In contrast to this immense intellectual war on the memory of pre-48 Palestine, Palestinian refugees have conducted a symbolic counter-erasure of the present day Jewish reality of the land. Palestinian refugees have sustained memories of their former villages and homes by using maps depicting pre-48 Palestine only. On these maps, the Jewish settlements erected after 1948 are of course absent, and the Jewish settlements established in the days of the Yishuv have generally been classified according to the different periods of the Zionist settlement drives in the land. Similarly, Palestinian refugees have immortalised the names of their lost villages and cities in the organisational structures of the refugee camps in the displaced Palestinian diaspora. "Dozens perhaps even hundreds of names like Lydda, Haifa, Jaffa, and Ramle," wrote the Israeli journalist Danny Rubinstein in the early nineties, "have been bestowed upon schools, streets, squares, whole neighbourhoods, and even businesses wherever the refugees of 1948 live." Most of these names, however, have not been given to the names of refugee settlements or camps in order to avoid a sense of permanence in the new and ever temporary setting. Names of lost places saturated other structures within the refuge in order to foster (counter)-memories of lost but always portable landscapes. Like the thousands of keys and title deeds to former homes kept by displaced Palestinians, the preservation of the names of distant villages and towns is indicative of the obsessive longing to return. "Anyone," continued Rubinstein, "who happens to find himself at an early morning hour near the exit from Jebalya refugee camp in Gaza, or other places where Palestinian labourers assemble to travel to work in Israel, can hear the names of these vanished cities and villages. In announcing their destinations, the drivers who transport these workers refer to a lost map, calling out names like Faluja (rather than Kiryat Gat), Qastina (rather than Kiryat Malachi), Isdud, Yazur, Zarnuqa, and other places that disappeared from the map over forty years ago." In this significant respect, therefore, names and maps have existed in a fundamental intellectual battle over memory. Whereas Israelis have sought to erase all memory of the prior Palestinian presence in Palestine, Palestinian refugees have sought to preserve that memory, and by doing so, they have asserted a mental counter-erasure of the present day Jewish realities on the land.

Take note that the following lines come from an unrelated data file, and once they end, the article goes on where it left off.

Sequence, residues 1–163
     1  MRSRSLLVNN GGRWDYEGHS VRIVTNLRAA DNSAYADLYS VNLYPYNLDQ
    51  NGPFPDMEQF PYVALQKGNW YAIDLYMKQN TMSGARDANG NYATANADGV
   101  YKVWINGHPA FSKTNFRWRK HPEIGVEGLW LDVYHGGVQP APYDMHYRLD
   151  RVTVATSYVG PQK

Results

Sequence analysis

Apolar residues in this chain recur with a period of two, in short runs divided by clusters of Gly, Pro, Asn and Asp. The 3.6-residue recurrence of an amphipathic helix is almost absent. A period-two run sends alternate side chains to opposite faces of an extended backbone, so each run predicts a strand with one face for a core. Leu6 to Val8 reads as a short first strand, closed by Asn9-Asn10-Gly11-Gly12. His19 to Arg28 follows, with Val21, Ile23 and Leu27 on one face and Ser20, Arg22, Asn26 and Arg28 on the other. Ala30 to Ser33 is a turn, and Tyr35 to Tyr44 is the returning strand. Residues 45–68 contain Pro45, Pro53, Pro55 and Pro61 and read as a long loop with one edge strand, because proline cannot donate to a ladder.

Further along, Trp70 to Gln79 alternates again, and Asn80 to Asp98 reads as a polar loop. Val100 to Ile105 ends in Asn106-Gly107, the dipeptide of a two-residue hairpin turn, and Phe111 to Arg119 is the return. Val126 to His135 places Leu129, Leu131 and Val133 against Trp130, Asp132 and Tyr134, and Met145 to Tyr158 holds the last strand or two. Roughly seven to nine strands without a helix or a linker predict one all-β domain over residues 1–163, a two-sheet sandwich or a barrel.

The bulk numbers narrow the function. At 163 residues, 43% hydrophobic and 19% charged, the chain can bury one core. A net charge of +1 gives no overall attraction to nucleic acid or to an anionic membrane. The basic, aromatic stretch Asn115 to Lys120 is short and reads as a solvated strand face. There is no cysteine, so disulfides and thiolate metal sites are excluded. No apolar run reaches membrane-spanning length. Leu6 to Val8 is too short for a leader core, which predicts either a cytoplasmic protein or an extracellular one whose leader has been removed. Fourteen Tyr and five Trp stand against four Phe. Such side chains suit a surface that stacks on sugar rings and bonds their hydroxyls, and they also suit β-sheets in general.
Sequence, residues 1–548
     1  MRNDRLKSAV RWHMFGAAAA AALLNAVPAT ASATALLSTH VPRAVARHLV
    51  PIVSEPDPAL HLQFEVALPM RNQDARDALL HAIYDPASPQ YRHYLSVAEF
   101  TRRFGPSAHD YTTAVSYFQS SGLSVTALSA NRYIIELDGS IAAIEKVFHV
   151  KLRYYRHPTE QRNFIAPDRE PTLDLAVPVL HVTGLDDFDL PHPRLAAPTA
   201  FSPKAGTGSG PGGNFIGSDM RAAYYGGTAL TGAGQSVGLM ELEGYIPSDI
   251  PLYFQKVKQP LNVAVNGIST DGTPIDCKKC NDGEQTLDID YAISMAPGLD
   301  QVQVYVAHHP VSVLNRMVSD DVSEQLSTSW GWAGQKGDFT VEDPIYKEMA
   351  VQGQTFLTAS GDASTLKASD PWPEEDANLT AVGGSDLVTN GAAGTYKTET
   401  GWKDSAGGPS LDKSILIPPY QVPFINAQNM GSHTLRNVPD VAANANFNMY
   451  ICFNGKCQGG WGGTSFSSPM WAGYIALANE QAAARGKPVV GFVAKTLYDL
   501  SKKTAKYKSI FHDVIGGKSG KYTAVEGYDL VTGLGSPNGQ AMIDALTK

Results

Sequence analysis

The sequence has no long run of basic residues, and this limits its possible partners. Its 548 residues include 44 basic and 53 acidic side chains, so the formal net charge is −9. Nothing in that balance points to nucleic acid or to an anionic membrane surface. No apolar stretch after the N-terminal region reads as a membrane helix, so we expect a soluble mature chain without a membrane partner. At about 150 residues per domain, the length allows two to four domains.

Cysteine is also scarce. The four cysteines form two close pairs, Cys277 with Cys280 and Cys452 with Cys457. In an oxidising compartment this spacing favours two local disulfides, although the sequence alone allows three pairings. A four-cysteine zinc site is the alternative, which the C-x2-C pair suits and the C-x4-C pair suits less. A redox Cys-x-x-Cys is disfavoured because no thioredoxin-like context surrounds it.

In sharp contrast to the erasive work of the Israeli naming committees, Palestinian preservation research has often avoided reference to the pre-Palestinian Jewish presence in the land. The IPS, for example, consciously erased the pre-Palestinian Jewish biblical presence at some abandoned Arab village sites. Take the following two examples: those of the abandoned Palestinian villages of Sataf and al-Zib. Both Arab villages were constructed over the ruins of ancient Jewish biblical sites, and both assimilated their place-names into Arabic. Sometime after Sataf was depopulated in 1948, the Israeli authorities converted some of its remains into a tourist site. As Gazi Falah outlines, although some of the "cultural relicts" at the mountain village site of Sataf "have been preserved for tourist purposes," the Jewish "official historical records [displayed at the site] usually indicate an existence that extends back to biblical times. In these ways, Palestinian Arab cultural contributions to the village site have been trivialised as Jewish history has been foregrounded. In a kind of reverse palimpsest, the ancient layers beneath the Palestinian site have been highlighted." Yet, in its description of Sataf as the abandoned Arab village site, the IPS ignores any reference to the biblical Sataf, and omits the post-48 foregrounding of Jewish biblical roots. The IPS describes its present situation as follows: "The area around the village spring, which is located to the east next to the ruins of a rectangular stone house, has been turned into an Israeli tourist site." The IPS then describes how the site was covered by a JNF forest in dedication to Moshe Dayan. This sequence of facts strongly implies that the present Jewish Sataf exists as a tourist site primarily because of its afforestation and not because of its biblical past.